The first time Aldergrove senior Harvey Rempel gave blood, he was just a young face in his teens.
Both him and his brother, who grew up in Langley, “thought it would be a good idea,” Rempel retold.
On Tuesday, that brotherly tradition extended into Rempel’s 200th time giving blood.
The 83 year old walked into a donation clinic at Church in the Valley amid the COVID-19 pandemic, a time when many his age – being most at risk for complications if diagnosed – are being encouraged to stay home.
“After I donated, a person from Canadian Blood Services (CBS) told me I have saved 600 lives,” from his donations, said Rempel.
“I’m just happy that I can help somebody out – that I am healthy enough to.”
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Tuesday afternoon he got a call from his son and daughter-in-law in Kamloops who toasted him over the phone for his special milestone.
Before the global pandemic, Rempel enjoyed reminiscing about the era he grew up in over coffee with others his age.
“In our era, you ate what was on the table and you were happy,” he said, unfazed by the current public health crisis that has kept him largely confined to his Lions Grove apartment.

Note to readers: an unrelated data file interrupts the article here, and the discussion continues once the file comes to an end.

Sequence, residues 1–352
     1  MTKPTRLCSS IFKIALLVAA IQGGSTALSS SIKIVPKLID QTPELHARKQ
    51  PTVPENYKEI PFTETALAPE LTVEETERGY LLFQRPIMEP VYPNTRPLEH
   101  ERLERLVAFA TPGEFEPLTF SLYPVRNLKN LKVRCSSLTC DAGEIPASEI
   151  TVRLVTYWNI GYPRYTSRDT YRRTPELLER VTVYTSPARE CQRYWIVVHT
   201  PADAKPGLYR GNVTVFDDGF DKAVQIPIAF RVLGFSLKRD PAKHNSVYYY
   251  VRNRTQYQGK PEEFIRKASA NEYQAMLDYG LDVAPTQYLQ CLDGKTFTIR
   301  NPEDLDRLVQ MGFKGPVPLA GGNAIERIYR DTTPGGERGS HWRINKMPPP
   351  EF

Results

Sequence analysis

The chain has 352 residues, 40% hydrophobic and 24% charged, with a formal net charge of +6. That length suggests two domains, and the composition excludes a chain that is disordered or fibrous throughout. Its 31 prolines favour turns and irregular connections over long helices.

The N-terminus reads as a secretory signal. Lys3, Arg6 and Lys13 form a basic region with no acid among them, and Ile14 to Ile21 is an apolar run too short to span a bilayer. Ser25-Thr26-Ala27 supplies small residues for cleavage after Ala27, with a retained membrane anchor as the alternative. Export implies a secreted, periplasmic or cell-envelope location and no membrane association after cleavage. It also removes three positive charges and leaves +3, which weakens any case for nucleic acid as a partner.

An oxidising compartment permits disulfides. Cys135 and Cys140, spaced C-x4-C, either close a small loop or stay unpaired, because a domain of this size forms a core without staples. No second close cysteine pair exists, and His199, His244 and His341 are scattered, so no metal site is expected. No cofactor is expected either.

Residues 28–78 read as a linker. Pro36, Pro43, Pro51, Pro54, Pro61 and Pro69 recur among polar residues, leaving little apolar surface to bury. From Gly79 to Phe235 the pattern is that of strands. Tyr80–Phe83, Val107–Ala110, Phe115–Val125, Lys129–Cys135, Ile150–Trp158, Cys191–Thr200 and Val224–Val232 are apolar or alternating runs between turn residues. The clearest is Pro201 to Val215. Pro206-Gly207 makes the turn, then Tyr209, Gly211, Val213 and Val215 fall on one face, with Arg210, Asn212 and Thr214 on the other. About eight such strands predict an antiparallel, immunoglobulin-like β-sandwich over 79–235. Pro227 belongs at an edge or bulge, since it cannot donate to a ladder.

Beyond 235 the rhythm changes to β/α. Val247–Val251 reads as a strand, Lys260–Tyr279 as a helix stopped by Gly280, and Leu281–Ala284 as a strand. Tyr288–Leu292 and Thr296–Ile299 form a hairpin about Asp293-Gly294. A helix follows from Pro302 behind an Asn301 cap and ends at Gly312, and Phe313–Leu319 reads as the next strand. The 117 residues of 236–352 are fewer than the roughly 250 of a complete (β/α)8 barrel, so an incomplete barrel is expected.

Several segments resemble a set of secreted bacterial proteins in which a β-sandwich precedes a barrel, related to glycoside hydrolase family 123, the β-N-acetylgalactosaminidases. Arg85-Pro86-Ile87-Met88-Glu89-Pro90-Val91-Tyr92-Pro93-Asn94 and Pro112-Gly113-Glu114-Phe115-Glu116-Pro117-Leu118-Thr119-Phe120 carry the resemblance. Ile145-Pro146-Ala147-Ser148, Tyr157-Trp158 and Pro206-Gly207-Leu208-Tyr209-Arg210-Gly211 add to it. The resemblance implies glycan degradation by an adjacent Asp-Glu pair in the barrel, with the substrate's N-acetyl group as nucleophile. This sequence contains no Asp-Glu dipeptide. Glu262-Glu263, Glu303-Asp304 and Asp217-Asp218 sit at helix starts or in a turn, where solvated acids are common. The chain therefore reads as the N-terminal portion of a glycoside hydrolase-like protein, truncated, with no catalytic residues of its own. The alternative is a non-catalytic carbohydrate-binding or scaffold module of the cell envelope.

Rempel’s dad originally immigrated to Langley, from Russia, and his mother migrated in from Washington State.
She was one of the first people ever to settle in Yarrow, a small community in Chilliwack.
“You learned to struggle through in my days,” said Rempel, now a widow.
His wife passed away five years ago, three years after relocating to a seniors living complex in Aldergrove.
For as long as the COVID-19 crisis continues and he is allowed – Rempel will continue to donate blood, he said.
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“When the dust settles I’m still going to get a cake to celebrate,” Rempel chuckled.
It was something blood clinic volunteers couldn’t offer him to compley with provincial health mandates to disband group gatherings to reduce the virus’ spread.
Blood clinics are now operating by appointment only, to ensure safety from COVID-19 at donor centres.
After his 100th donation, Rempel was given a special plaque.
And as a tradition when he donates every 56 days, Rempel collects an updated CBS pin for each of his visits.
Now, the senior is challenging younger generations to step and and give.
“They have to replace us old folk who might soon not be able to,” urged Rempel. “Because there’s always going to be a need for blood.”
Canadian Blood Services says it needs the help of Canadians to maintain a healthy supply during the pandemic.
To learn more about blood donation those interested can visit the Canadian Blood Services webpage at blood.ca/en.
Those who would like to donate can call 1-888-2-Donate and make an appointment.